D’Angelo’s hosts fourth annual free Christmas Eve dinner
BULLHEAD CITY — D’Angelo’s Christmas Eve Dinner has become more than a meal over the years since October Larsen planned and executed the first such holiday meal three years ago.
Larsen, owner of D’Angelo’s Italian Restaurant, provides a free meal to the local homeless population for Christmas. This year it was pasta, corn, salad, rolls, dessert and beverages served Monday under the ramada at Community Park.
The annual dinner began as a way for Larsen’s daughters, now ages 12 and 13, to develop a sense of empathy by helping others.
Apparently it worked. This year, her children, other members of their AYSO girls soccer team and some of those girls’ parents were seen helping with the fourth annual effort to feed and assist at least 100 people.
And there were smiles all around.
Rounding out the army of volunteers were many familiar faces who spend a lot of time with local homeless people and a few residents who just came to help the hosts and the guests.
There was music and plenty of tables for people to socialize while enjoying their food. Other tables were stacked with clothing, blankets and toys donated by community members over recent weeks.
Hygiene bags were handed out. Some came from Family Care Home Health and Hospice.
The student council at Mohave Accelerated Learning Center raised $1,200 to purchase socks, beanies and jackets. And the Bullhead City Fire Department donated toys, Larsen said.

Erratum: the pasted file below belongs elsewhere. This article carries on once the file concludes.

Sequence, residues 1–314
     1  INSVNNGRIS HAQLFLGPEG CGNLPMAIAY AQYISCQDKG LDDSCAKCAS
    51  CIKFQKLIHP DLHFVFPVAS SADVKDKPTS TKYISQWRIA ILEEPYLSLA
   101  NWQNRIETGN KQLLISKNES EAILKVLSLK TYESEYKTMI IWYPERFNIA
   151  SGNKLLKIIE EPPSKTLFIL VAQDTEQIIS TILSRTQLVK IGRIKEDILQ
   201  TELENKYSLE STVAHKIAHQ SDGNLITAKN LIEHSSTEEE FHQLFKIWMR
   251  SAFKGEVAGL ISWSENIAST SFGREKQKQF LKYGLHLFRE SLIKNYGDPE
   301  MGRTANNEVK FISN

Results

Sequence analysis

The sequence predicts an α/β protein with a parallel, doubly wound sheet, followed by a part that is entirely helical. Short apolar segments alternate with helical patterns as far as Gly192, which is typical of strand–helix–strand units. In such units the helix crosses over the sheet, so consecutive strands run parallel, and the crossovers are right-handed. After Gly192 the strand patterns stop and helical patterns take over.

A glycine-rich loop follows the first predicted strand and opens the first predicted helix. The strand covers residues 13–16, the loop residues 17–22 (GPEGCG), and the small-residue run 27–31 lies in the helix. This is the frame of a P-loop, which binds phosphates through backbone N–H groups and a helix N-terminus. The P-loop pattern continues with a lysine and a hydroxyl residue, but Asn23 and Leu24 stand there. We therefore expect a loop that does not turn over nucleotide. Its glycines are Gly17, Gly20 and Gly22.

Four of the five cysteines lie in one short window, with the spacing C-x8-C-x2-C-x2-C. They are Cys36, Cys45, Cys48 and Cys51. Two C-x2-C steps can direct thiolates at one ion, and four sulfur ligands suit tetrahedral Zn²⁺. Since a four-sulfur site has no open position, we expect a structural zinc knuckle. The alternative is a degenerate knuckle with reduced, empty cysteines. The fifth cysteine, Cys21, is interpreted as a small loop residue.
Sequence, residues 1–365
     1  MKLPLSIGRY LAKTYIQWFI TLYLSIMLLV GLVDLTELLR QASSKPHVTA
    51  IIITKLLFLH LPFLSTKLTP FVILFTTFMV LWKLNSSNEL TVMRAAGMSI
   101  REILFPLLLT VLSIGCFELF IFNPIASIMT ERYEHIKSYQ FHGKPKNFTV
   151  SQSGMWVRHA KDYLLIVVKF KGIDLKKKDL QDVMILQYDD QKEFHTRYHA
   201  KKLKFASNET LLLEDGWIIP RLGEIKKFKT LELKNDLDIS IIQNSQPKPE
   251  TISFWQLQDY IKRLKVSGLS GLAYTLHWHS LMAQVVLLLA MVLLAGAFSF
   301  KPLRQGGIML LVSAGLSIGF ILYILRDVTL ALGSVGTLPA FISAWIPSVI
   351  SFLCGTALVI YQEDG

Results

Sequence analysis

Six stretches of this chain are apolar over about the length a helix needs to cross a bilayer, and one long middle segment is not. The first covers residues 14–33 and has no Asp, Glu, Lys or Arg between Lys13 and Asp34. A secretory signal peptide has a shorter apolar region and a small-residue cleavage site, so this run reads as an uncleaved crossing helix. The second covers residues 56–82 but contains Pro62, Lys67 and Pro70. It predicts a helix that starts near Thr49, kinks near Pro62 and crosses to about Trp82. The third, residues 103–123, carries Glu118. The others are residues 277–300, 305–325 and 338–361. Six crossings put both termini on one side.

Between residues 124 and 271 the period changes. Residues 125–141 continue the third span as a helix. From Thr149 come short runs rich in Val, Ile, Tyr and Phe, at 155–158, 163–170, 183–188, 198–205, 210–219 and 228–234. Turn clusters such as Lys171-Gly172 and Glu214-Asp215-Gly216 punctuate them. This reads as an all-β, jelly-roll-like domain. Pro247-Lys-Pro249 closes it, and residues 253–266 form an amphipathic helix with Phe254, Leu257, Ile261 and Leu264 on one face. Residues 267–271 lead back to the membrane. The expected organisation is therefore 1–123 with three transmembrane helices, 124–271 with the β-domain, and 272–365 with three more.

Among the items made available was an aluminum walker that had gotten a lot of use. One of the lunch guests added it to the healthy collection of things for people to take with them because she was able to replace it with a much better model.
“A guy said to me ‘Would you like a new walker?’ ” said Melinda Harder. “I saw it and broke down crying. I needed a win.”
Harder and her husband came to the Southwest from North Dakota looking for a change after Melinda’s mother died a few months ago. However, a major problem arose for the couple once they arrived. They didn’t realize ahead of time that it would be so difficult to find an affordable place to live.
“We should have planned better,” she admitted.
Her husband is employed. They came west because of the job offer. The couple live in their van and continue trying to find some sort of more permanent housing. They are considering a move into a used RV. It might prove difficult for Melinda to get in and out of such a living space because she has a birth defect that makes walking very difficult, even after numerous corrective surgeries.
James Hamilton, a soccer dad from Fort Mohave, brought the cherry red walker to give away to someone at the park because no one in their home had a need for it any longer.
His mother-in-law, who died a couple of years ago, used it to get around. His wife wasn’t ready to part with the walker so it sat in their garage — until Monday.
“My mother-in-law would have wanted to make sure it went to the right person,” Hamilton said. “It did.”
Melinda was a little conflicted because she was using her mother’s walker. But the one Hamilton offered had a seat, was more appropriately sized for her height and “is so pretty,” Harder said.
Her mother’s walker was sized for a woman who stood only 4 feet, 8 inches tall. Harder is a few inches taller at 5-1. She had a similar walker years before but its brakes failed and became hard to control.
“I’m just floored about this,” she added. “Of course, the brakes work perfectly.”